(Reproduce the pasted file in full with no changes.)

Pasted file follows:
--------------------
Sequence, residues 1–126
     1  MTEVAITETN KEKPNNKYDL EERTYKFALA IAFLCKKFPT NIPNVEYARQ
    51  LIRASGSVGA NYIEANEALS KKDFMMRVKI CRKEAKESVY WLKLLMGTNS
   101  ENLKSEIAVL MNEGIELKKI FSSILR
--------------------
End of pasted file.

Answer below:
Sequence, residues 1–126
     1  MTEVAITETN KEKPNNKYDL EERTYKFALA IAFLCKKFPT NIPNVEYARQ
    51  LIRASGSVGA NYIEANEALS KKDFMMRVKI CRKEAKESVY WLKLLMGTNS
   101  ENLKSEIAVL MNEGIELKKI FSSILR